The score is a figure of merit that roughly represents the probability of having an accident.

Virginia Tech & NHTSA Study

The study by Virginia Tech is quite interesting because it was a “naturalistic” study.  They actually tracked real users–about 200 drivers–over the span of one month, who were monitored while driving to see which tasks were resulting in collisions, near collisions, and collision avoidance maneuvers.

Prior to this study, there were many studies that relied on statistical extrapolation, or highly controlled lab scenarios.  The trouble with statistical extrapolation is that an accident is a relatively rare event that has only a loose correlation with any particular behavior.  The reliability of the statistical extrapolation relies on a lot of assumptions.  The results of previous tests pegged the risk of a crash while talking on a cell phone at anywhere between no effect to about 4X increased risk.  The trouble with the lab scenarios is that it did not take into account the ability of the driver to modulate their concentration depending on the driving conditions.  In real life, a driver with good judgment will tell the caller that they cannot talk, or they will wait until it is safe, or simply ignore the talker on the other end when there is a challenging driving situation.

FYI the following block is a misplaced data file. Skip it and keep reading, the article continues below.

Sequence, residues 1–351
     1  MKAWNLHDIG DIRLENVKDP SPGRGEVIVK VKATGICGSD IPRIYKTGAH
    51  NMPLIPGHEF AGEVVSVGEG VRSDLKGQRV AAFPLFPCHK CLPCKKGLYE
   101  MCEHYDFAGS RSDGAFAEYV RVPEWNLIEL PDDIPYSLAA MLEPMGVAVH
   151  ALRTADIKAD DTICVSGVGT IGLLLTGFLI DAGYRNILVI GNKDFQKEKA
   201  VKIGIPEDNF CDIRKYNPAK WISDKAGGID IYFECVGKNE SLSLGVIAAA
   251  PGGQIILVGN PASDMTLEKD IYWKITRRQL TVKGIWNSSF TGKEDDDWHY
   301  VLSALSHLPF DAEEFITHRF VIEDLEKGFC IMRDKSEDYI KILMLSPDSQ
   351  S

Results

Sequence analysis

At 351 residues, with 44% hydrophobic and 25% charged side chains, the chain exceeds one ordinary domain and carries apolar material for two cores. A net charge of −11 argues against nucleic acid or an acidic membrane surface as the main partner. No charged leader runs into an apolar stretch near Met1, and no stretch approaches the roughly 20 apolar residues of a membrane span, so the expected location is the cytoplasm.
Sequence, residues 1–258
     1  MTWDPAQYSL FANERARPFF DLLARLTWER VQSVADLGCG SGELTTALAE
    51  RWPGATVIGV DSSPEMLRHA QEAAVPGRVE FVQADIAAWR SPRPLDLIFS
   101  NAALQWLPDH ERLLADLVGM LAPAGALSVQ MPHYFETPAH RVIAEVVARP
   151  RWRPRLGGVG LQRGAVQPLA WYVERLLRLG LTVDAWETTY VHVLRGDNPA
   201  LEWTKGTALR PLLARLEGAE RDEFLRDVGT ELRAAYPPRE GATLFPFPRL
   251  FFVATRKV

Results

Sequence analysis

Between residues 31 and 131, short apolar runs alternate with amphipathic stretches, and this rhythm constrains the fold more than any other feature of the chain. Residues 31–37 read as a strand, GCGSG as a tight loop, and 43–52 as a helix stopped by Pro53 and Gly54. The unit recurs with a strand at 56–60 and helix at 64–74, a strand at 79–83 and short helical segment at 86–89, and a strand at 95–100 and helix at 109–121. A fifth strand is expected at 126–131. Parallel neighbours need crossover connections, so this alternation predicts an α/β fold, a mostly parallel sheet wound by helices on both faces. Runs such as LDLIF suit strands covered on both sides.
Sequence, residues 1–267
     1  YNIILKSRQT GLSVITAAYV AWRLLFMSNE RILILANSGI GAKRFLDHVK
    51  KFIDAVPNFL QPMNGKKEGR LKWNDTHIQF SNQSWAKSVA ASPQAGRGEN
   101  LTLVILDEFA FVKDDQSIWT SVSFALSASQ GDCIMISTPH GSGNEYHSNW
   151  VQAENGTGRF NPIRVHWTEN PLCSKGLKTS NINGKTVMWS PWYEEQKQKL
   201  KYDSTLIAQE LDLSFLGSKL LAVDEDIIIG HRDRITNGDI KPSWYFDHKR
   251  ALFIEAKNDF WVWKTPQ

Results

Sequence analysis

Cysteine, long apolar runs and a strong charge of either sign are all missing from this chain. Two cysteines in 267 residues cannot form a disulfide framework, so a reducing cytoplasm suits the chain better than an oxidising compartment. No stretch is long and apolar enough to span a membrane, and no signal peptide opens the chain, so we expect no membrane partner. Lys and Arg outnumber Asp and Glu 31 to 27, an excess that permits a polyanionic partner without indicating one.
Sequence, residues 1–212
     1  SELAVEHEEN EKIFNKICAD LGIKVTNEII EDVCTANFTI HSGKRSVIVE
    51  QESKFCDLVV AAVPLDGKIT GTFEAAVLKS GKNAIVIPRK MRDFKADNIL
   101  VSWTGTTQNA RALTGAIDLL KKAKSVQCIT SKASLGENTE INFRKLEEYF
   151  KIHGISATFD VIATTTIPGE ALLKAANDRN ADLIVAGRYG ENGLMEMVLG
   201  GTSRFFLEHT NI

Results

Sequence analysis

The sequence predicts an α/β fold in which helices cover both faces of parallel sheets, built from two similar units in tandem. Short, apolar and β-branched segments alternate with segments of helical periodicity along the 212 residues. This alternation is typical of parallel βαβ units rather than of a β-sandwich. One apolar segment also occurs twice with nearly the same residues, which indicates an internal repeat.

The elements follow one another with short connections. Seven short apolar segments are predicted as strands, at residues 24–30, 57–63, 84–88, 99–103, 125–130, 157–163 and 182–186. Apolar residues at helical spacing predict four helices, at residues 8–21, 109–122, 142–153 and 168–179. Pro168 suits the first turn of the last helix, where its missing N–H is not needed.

The Virginia Tech study found that the risk of an accident depended on the specific task associated with the cell phone.  Again, greatly distilling down the results, here is the relative risk of cell phone related tasks relative to just driving:

Task                                                                                     Risk Range (with 95% confidence)